In this day and age, we as a generation have tried to ease the pain of the past from ourselves and others. Sometimes this means poking fun at some of the past events that were looked upon years ago as horrendous. I’ve heard many people making jokes about enslavement and hangings. We also make jokes about each others backgrounds. We call ourselves “nigga” or “wetback” and try to make light of the words. We sometimes try to justify it as endearing or “turning it around” to make it cool. The truth is that that these words came about because of hate. These words were never meant to have a good connotation.
The media does an amazing job of tricking people into thinking bashing your own race, ethnic group, religious organization, etc. is okay. In movies, television, radio and all other forms of media people are constantly making fun of themselves. They are ignorant to the fact that these words still hurt. They also live up to the negative background these words give them. In hip-hop music I hear the words “nigga” every five seconds. Is there an explanation for this? The real contradictory act comes about when someone of another race calls a black person “nigga.” They may be trying to fit in and not mean any harm by it at all, but then black people get really mad and want to fight. This is a problem. If you don’t want everyone to say it, then you also have to live up to not saying it. Because the word is used so often, it seems like it is okay to say. I personally cringe every time I hear the word. Now, I know that the argument is that anybody can be called an N-Word because it is supposed to mean ignorant, but do you want to label yourself as ignorant? That is still horrible and no one deserves it.
One example of the media having a negative influence on perceptions of diversity is in the February 2009 issue of Essence magazine. They have a monthly “10 Things We’re Talking About” feature (compiled by Cynthia Gordy) and on the list was a quote from rapper, Soulja Boy. He is quoted saying during an interview with a BET correspondent, “Shout out to the slave masters! Without them we’d still be in Africa. We wouldn’t be here to get this ice and tattoos.” He later stated that he was only joking. To me, this is not something to joke about. Enslavement of innocent human beings is not something to joke about. I am appalled that he failed to realize that these were his ancestors he was poking fun at. Soulja Boy, like many others, seem to have forgotten from where they came. The Africans didn’t sail to America on a luxury carnival cruise, and they were not greeted at the piers with fine whine and cheese. Even though he said he was only joking, the words still sting and are highly inappropriate.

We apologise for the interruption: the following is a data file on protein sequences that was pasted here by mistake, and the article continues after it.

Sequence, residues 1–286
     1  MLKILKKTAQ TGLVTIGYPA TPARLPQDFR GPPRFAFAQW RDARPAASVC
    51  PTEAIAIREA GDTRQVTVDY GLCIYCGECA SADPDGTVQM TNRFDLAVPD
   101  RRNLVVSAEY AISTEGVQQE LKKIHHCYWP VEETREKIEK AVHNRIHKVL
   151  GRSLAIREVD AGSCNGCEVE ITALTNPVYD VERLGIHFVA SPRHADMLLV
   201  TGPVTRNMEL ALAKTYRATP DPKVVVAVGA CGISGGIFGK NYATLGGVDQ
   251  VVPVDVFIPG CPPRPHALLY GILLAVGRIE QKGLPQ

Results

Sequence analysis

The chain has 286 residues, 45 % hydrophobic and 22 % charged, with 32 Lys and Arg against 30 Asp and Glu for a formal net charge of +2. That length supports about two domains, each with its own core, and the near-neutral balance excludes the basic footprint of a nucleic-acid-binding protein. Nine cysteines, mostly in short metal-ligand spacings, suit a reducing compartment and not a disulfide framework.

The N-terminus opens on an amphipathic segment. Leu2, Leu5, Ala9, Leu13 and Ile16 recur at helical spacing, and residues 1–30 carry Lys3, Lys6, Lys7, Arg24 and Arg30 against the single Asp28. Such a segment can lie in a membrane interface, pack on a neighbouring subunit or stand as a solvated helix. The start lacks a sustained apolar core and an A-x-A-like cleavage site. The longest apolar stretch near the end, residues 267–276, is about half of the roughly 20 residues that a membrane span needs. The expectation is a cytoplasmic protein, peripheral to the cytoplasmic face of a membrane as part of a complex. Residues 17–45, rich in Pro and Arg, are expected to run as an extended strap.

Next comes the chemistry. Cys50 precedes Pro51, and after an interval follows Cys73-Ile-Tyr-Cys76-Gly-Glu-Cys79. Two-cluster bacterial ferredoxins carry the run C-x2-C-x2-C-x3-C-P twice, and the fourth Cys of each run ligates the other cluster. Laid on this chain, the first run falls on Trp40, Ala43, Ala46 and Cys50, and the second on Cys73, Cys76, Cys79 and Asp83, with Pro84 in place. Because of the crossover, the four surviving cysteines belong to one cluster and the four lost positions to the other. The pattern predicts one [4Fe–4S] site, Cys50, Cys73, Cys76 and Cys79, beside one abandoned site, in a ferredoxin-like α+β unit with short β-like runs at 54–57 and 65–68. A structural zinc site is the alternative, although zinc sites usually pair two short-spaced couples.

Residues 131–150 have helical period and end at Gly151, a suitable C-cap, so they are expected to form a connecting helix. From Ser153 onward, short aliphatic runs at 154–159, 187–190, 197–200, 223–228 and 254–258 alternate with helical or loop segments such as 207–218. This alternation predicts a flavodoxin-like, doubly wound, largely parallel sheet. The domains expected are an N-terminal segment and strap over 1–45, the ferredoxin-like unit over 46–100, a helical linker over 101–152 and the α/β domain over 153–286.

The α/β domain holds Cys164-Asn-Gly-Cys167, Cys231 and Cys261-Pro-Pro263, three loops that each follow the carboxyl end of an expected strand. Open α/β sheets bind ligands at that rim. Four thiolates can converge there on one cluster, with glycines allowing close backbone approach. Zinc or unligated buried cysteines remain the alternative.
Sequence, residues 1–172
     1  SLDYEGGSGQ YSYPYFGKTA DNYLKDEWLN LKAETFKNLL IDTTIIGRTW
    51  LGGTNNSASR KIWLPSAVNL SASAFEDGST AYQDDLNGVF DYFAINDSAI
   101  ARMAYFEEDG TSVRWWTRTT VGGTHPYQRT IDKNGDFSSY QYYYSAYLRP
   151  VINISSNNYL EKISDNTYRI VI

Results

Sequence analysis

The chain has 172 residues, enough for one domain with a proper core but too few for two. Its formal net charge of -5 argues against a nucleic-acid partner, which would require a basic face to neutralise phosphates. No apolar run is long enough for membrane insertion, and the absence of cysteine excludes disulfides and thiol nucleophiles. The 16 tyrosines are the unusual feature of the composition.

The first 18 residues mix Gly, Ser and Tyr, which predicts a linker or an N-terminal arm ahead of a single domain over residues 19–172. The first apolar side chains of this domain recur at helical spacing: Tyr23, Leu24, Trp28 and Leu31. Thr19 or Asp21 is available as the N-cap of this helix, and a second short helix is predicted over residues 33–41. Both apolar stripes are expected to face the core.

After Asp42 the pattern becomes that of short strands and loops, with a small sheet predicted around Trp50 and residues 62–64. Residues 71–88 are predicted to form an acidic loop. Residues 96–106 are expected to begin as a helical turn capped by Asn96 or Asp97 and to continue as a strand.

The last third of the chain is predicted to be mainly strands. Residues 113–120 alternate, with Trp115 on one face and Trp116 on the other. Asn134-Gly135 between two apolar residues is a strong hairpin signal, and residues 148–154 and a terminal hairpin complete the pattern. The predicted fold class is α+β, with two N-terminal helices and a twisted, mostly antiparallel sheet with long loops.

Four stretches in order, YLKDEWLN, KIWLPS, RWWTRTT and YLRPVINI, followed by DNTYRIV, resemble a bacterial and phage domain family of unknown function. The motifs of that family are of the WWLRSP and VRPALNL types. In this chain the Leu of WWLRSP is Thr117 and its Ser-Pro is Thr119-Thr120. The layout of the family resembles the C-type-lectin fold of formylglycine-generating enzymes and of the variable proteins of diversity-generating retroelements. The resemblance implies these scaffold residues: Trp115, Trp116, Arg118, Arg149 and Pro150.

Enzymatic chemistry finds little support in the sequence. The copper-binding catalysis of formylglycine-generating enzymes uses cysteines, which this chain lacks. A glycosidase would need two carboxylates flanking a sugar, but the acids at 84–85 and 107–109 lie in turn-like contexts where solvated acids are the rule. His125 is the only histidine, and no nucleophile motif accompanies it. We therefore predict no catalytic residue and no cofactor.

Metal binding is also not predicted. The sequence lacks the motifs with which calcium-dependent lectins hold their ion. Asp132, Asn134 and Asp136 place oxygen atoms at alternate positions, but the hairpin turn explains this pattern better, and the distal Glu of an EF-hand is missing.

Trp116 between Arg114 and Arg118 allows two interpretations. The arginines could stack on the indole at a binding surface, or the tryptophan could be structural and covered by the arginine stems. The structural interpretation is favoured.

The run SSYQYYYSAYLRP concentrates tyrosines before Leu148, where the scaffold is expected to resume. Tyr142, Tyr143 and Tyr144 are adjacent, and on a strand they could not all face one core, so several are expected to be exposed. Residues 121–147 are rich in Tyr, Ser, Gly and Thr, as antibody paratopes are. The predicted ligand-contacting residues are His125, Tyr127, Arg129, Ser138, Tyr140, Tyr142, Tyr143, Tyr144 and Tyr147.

We all, not just African-Americans, have been discriminated against for some reason or another. It could be your religion, weight, sexuality or anything else about you that people don’t like. I do not agree with using words that bring others down as terms of endearment. I honestly have no idea who came up with the concept and why it is so supported. We are supposed to rise up from those stereotypes, not constantly degrade each other with evil words. I see little kids walking around using these words and it’s wrong. They have no idea what or why they are saying these things. They are using hurtful words because they see us using them. It is a vicious cycle that has yet to end.
There is no harm in joking around with your friends, but is it right to make fun of an era in history that has shaped the racial tensions of today? Can you imagine one of your friends or family members being whipped and chained with no hope of escape? If you can, I would ponder on that thought for a moment and then think about what you are really saying. According to Soulja Boy, the only important things in life are “ice” and “tattoos,” but I would like to think that we as college students are smarter than him and want more than that. We know that our ancestors were not brought over here for freedom and a life of happiness, so it is up to us to keep that dream of “rising above” alive. They paved the way for all of us; the least we could do is give them the respect we owe them.
The next time you call yourself or a friend, a “nigga,” “chink,” “guido,” “fag,” or whatever “endearing” term you use, think about those who came before you. There were many activists that stood up for each group that is discriminated against today. Don’t be like Soulja Boy, be a solider for respect and equality.